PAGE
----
Aerotropolis must provide for a new hospital, report says

The NSW government should secure land within the planned Aerotropolis to build a future hospital so expected population growth in western Sydney can be met, a report recommends.

Sam Sangster

There have been no details of the proposed airport city’s health infrastructure so far, and a parliamentary committee has heard criticism that planning for the region’s growing health needs is lagging .

The committee’s report into health services in south west Sydney, tabled on Monday, considered whether a new hospital should be built in the South-West Sydney Growth Region as part of the Aeropropolis land use deal.

It stops short of saying a new hospital should be built immediately, but recommends the government takes step to secure land within the Aerotropolis precinct.

“It is the view of the committee that the NSW government must place itself on the front foot with respect to making sure land is secured for a strategic site to accommodate a future health facility near the new Badgerys Creek Airport,’ the report says.

“To this end the committee recommends that the NSW government, as part of its planning for the new Aerotropolis, identify the most strategic site for a new hospital near the Western Sydney Airport, and preserve land in the event that a new hospital needs to be built in the future.”

The NSW Nurses and Midwives Association, the Health Services Union and the Western Sydney Leadership Dialogue have all backed the idea.

“On sheer projected population numbers there certainly is a strong case to start planning now for a whole new hospital and even entire health precinct within the SWSGR,” The Western Sydney Leadership Dialogue submitted.

HSU Secretary Gerard Hayes called a new hospital a “no brainer”, while a submission from the Campbelltown and Camden Hospitals emergency department said a new hospital will have to be built to need the needs of the Aerotropolis.

Focus ‘should be on existing services’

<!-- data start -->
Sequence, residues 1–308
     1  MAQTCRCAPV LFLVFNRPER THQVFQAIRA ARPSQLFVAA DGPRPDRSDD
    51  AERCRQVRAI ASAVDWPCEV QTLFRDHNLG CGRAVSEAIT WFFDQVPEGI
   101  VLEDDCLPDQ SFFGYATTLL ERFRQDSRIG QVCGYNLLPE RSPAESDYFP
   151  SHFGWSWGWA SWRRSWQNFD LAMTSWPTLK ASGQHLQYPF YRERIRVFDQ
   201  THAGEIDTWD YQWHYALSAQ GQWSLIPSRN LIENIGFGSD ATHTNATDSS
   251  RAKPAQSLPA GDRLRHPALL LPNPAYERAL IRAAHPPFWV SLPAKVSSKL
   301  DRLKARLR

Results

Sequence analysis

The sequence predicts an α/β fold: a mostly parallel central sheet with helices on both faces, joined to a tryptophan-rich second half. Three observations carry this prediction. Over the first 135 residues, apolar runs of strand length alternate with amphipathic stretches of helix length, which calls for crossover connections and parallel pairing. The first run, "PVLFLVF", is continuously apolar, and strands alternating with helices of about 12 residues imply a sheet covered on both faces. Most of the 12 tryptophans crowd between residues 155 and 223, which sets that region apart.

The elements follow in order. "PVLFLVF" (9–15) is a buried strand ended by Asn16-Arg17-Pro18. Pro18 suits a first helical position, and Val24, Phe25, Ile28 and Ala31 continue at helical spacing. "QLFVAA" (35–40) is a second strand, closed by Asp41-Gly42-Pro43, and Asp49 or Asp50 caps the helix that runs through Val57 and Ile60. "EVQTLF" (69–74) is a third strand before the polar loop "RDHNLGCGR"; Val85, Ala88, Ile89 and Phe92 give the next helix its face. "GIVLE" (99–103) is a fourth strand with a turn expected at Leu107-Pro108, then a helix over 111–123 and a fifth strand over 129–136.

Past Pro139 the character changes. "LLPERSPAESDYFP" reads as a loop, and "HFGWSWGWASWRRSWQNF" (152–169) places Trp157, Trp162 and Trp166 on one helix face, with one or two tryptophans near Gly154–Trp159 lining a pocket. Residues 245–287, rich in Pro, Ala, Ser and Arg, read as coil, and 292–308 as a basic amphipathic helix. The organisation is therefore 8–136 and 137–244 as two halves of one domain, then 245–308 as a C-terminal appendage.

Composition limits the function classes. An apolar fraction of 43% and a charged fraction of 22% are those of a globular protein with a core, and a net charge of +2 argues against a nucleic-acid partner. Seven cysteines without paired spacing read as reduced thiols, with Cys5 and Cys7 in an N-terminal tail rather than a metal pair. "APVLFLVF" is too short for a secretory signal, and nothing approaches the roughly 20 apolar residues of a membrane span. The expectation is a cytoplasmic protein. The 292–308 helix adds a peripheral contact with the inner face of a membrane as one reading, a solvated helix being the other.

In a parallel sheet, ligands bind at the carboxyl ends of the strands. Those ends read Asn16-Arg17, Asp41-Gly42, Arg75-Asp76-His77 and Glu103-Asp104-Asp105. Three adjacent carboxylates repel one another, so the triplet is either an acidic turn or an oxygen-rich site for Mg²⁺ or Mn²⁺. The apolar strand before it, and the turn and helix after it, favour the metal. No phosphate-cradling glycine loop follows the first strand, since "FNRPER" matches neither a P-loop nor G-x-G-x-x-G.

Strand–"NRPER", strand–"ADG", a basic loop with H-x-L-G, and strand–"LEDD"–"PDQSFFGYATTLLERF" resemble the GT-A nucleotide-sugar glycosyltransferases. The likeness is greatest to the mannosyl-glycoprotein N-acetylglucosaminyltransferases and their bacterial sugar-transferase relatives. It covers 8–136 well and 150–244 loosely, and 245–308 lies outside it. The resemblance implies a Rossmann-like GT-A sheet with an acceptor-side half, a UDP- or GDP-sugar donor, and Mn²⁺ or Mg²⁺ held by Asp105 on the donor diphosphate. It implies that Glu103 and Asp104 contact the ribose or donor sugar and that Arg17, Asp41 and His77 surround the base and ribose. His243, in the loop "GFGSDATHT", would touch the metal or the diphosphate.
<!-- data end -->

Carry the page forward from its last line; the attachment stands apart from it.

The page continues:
However Keith McDonald, CEO of the South Western Sydney Primary Health Network, said the focus should be on improving existing services rather than building a new hospital.

“Rather than focusing on capital investment in another greenfield site for a new hospital, it is our view that better value will be achieved by enabling and fast tracking … predictive risk modelling … interoperable information and communication technology … and embedded systems and tools that support data linkage and patient tracking across sectors,” he said.

Western Parkland Councils, representing eight Western Sydney councils, also said the focus should be on upgrading existing facilities.

“Future planning should not take priority over the need to address the current deficit in established hospitals and healthcare services or the cost and service benefits of upgrading these,” it submitted.

In evidence before the hearing in July, the Western City and Aerotropolis Authority said its role was to look at the land use with a focus on  maximizing jobs and economic development.

“It is not for us to determine the health needs, CEO Sam Sangster said.

“Once the health needs are determined we can then work with landowners and others to help understand where they may go”.

Questioned about criticism there had there had been a “lag” in the development of a health precicnt in the Aerotropolis, he told the committee a  potential health hub was being considered for the area “and we are now working with NSW health looking at what that would actually look like”.

Historic underfunding